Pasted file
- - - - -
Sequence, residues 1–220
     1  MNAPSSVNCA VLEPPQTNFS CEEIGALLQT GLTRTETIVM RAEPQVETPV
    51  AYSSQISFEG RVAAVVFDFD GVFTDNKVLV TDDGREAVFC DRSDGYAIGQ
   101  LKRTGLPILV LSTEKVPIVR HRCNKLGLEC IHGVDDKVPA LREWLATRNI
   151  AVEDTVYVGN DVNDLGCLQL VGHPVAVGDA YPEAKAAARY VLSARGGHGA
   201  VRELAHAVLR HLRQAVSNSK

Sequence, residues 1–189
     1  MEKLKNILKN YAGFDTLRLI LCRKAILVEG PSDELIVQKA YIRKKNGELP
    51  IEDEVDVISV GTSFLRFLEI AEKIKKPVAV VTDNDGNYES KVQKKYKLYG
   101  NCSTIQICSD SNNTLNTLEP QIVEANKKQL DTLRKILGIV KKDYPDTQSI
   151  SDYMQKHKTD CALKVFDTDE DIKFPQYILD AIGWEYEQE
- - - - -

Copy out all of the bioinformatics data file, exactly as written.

Sequence, residues 1–220
     1  MNAPSSVNCA VLEPPQTNFS CEEIGALLQT GLTRTETIVM RAEPQVETPV
    51  AYSSQISFEG RVAAVVFDFD GVFTDNKVLV TDDGREAVFC DRSDGYAIGQ
   101  LKRTGLPILV LSTEKVPIVR HRCNKLGLEC IHGVDDKVPA LREWLATRNI
   151  AVEDTVYVGN DVNDLGCLQL VGHPVAVGDA YPEAKAAARY VLSARGGHGA
   201  VRELAHAVLR HLRQAVSNSK

Sequence, residues 1–189
     1  MEKLKNILKN YAGFDTLRLI LCRKAILVEG PSDELIVQKA YIRKKNGELP
    51  IEDEVDVISV GTSFLRFLEI AEKIKKPVAV VTDNDGNYES KVQKKYKLYG
   101  NCSTIQICSD SNNTLNTLEP QIVEANKKQL DTLRKILGIV KKDYPDTQSI
   151  SDYMQKHKTD CALKVFDTDE DIKFPQYILD AIGWEYEQE